HONOLULU (HawaiiNewsNow) - Proponents of a bill that would place a fee on single-use shopping bags went to the state capitol Friday to show their support to legislators by giving them lei made not from flowers, but from plastic grocery bags.
Members of the Sierra Club and students from the ecology class and the Civic Engagement Club at Chaminade University were among about 30 people who made the lei, and then presented them to lawmakers.
The measure, SB 2511, doesn't ban the bags, but it would place a ten-cent fee on single-use bags, both plastic and paper. Supporters said similar measures at the city and council level on the mainland have reduced plastic bag use by as much as 80 percent. If passed, Hawaii would become the first state to have such a measure.
"These are sort of the most common consumer product in the world," said Sierra Club Hawaii Director Robert Harris. "These are almost like plastic tumbleweeds now, so we're trying to put them to a good use."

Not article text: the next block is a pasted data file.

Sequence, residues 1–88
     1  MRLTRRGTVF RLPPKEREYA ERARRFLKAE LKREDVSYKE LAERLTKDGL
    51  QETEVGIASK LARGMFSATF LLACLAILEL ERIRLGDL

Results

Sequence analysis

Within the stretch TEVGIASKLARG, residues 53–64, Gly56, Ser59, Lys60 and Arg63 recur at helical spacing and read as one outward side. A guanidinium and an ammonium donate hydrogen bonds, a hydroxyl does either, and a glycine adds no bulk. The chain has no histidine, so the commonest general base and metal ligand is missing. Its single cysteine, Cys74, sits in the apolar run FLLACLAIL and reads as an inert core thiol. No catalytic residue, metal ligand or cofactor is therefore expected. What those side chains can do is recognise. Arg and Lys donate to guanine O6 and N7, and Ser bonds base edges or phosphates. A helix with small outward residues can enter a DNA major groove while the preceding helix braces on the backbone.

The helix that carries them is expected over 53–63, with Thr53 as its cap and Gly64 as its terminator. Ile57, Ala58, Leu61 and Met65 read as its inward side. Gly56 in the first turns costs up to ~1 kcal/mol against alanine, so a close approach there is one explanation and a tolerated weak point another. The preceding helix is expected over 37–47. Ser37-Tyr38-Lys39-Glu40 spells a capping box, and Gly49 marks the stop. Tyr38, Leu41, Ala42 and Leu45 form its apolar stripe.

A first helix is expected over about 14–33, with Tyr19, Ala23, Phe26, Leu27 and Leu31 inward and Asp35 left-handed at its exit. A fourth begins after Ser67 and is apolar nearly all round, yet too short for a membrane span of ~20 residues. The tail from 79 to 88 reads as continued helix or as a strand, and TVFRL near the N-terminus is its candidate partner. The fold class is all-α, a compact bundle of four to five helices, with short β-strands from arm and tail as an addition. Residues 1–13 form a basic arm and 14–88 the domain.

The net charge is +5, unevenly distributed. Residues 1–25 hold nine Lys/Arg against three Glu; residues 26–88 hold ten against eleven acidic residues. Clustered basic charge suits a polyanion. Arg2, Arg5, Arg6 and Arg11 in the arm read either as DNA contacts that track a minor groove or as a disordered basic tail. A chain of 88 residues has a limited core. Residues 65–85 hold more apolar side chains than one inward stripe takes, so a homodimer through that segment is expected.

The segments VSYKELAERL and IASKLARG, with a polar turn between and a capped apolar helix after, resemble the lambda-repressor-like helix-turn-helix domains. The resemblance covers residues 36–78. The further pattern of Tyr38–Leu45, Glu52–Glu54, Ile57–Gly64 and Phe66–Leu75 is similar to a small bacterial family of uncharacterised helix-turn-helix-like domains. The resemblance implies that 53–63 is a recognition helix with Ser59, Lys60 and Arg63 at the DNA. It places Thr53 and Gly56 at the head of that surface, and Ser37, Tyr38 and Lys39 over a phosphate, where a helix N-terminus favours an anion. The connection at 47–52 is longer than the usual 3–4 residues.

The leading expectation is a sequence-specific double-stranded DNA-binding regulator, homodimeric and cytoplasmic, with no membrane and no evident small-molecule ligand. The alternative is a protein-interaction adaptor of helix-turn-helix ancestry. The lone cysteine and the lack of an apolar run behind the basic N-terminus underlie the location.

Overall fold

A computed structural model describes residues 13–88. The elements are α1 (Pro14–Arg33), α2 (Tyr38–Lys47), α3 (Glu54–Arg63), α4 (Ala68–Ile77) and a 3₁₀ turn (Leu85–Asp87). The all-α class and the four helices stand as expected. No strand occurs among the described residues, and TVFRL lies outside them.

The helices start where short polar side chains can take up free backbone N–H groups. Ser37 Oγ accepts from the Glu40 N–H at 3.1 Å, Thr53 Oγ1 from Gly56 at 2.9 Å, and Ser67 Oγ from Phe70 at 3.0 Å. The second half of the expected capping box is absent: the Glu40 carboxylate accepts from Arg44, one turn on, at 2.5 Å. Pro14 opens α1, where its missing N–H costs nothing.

Most of the fees collected would go toward the State Department of Land and Natural Resources' watershed protection initiative.
"If consumers want to continue to use paper and plastic bags that are a detriment to the environment, they're going to put the cost of that, or the fees collected, back to preserve the environment," said Guy Kaulukukui, deputy director of the DLNR.
Retailers would be able to keep a small percentage of the fee.
Honolulu is the only county in the state that hasn't banned plastic bags. Supporters said the measure still gives consumers the choice of using plastic bags on Oahu. They said also would encourage reusable bags statewide, since the fee would also be collected for paper bags used outside Oahu.
The measure has been passed by the senate's Ways and Means Committee, and now goes to the full senate for a vote next week.